Study: Collaboration Technology Improves Supply Chain Efficiencies | Global Trade Magazine
Software
  April 23rd, 2016 | Written by

Study: Collaboration Technology Improves Supply Chain Efficiencies

Sixty-eight percent in survey reported their clients said they were easier to do business with.

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  • 94 percent in survey saw significant improvement in connectivity using cloud-based B2Bi.
  • Opportunities for electronic streamlining of processes offset the resources necessary to achieve it.
  • 69 percent in survey said that they intend to increase the number of customers they trade with electronically.

Research released by the University of Tennessee, Knoxville, indicates that more organizations today are investing in B2Bi (business to business electronic integration) to cut costs and increase business flow efficiency.

Of those surveyed, 94 percent saw significant improvement in their electronic connectivity capabilities and 68 percent reported that their clients said they were easier to do business with after using cloud-based B2Bi managed services.

The study, from the university’s Global Supply Chain Institute, in collaboration with B2B integration provider DiCentral, looks at supply chain trends, issues and challenges expected in 2016 and beyond.

The study encompassed a quantitative survey of more than 200 professionals from a wide range of industries including consumer products, retailers, discrete manufacturers and process manufacturers. Companies ranged in size from $50 million to more than $2 billion. The survey asked respondents to weigh in on issues such as inventory visibility, supply chain costs, new enterprise resource planning integration, and responsiveness to customer demands.

Another major finding suggests that the opportunities for streamlining processes offset the resources to achieve it, as increased pressures on internal IT departments to meet core business objectives can lead to potential gaps in knowledge and technology.

Ninety-six percent of those surveyed said they are linked electronically in some way with at least one of their trading partners, yet the average organization spends just over five percent of its IT budget on electronic connections. Electronic connections are expected to increase more than 20 percent over the next three years, and 69 percent of those surveyed said that they intend to increase the number of customers they trade with electronically.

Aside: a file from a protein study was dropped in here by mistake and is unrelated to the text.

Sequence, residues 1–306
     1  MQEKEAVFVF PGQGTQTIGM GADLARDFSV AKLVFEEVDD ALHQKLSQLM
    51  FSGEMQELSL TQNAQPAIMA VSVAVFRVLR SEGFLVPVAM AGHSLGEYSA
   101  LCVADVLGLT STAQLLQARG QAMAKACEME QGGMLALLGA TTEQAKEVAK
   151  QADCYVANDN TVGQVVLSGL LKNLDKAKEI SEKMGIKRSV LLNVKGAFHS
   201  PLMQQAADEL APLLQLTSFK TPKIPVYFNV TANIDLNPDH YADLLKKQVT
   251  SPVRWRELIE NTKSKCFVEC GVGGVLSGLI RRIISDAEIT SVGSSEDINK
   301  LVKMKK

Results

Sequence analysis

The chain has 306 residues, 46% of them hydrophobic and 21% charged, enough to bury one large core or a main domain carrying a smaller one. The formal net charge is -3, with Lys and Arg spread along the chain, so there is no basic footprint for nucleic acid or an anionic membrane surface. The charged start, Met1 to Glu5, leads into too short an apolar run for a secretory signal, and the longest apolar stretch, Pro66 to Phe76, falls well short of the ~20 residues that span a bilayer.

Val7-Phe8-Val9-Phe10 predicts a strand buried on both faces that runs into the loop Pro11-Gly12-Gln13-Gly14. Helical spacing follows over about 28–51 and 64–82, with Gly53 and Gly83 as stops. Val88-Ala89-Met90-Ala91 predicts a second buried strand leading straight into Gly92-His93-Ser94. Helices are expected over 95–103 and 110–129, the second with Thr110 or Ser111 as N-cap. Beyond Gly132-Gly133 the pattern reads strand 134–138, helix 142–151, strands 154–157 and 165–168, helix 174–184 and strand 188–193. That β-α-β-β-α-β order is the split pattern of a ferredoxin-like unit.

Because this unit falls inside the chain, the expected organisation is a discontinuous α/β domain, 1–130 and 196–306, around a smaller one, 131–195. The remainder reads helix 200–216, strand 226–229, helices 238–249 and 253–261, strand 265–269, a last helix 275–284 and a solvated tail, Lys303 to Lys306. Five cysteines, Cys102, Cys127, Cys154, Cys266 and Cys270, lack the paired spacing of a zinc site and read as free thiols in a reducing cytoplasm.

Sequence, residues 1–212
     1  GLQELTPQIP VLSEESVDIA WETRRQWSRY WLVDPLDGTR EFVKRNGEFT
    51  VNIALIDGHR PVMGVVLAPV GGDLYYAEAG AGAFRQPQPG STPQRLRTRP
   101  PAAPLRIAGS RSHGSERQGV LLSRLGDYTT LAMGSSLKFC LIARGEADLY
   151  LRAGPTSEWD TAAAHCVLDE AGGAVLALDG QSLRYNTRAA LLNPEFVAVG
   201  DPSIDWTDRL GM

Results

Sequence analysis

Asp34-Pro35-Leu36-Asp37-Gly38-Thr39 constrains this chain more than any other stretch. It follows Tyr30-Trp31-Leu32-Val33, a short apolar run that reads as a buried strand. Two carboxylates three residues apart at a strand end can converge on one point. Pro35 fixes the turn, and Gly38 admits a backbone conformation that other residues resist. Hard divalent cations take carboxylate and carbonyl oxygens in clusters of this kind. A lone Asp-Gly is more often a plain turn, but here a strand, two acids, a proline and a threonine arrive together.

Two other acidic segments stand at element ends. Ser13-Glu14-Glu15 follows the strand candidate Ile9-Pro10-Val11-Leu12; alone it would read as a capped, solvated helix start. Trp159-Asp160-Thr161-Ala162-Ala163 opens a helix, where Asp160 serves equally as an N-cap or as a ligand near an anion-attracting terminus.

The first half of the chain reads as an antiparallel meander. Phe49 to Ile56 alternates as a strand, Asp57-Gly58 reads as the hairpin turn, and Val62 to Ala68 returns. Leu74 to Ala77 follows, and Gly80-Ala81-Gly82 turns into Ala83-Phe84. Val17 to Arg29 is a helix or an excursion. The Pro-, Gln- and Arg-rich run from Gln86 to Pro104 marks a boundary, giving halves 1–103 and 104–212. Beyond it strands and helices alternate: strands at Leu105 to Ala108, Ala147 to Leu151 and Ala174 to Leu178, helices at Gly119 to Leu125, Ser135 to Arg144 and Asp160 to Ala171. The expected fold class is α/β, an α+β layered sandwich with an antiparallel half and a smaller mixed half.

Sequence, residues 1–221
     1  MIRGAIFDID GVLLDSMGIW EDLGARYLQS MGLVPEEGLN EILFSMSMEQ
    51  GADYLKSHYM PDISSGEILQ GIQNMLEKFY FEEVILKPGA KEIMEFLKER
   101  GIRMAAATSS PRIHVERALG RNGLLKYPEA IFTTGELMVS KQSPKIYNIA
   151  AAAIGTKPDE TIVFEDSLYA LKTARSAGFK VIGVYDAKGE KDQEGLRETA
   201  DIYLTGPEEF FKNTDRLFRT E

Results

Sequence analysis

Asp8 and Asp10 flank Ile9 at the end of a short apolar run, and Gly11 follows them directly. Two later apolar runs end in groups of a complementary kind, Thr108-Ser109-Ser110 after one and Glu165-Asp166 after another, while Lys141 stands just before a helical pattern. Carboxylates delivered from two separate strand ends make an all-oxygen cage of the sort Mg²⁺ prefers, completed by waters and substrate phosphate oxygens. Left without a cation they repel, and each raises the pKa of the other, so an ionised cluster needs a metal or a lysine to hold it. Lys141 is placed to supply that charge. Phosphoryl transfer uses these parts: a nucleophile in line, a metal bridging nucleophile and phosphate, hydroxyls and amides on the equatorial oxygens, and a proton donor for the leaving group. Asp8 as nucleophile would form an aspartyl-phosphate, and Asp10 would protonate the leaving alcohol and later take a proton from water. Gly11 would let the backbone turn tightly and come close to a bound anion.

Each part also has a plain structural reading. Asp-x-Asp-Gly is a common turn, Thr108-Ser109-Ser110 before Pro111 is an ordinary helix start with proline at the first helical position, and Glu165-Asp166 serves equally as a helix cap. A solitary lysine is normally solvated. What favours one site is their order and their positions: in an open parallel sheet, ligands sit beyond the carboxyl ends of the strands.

The study presents several examples of successful collaborations that achieved impressive results. An office supplies retailer invested time and technology to collaborate more effectively with a major supplier. As a result, in-stock fill rates rose significantly, to nearly 99 percent from below 95 percent. Lead times were reduced nearly 60 percent. Forecast accuracy improved by more than 30 percent, and inventory turnover increased nine percent.

Although B2Bi has been around for more than 30 years, many of those surveyed felt that it is still in an early stage, especially globally. Technology integration tools are widely implemented in some industries and sparse in others.

The study provides a framework for developing a strategy for technology-enabled collaboration and includes a self-evaluation to determine how well organizations are using technology to collaborate with their suppliers and customers, as well as a checklist for selecting a third party to manage electronic transactions.

“Trading partner collaboration in the supply chain environment is essential in today’s hyper-competitive and technological business world,” said Thuy Mai, president and CEO of DiCentral.


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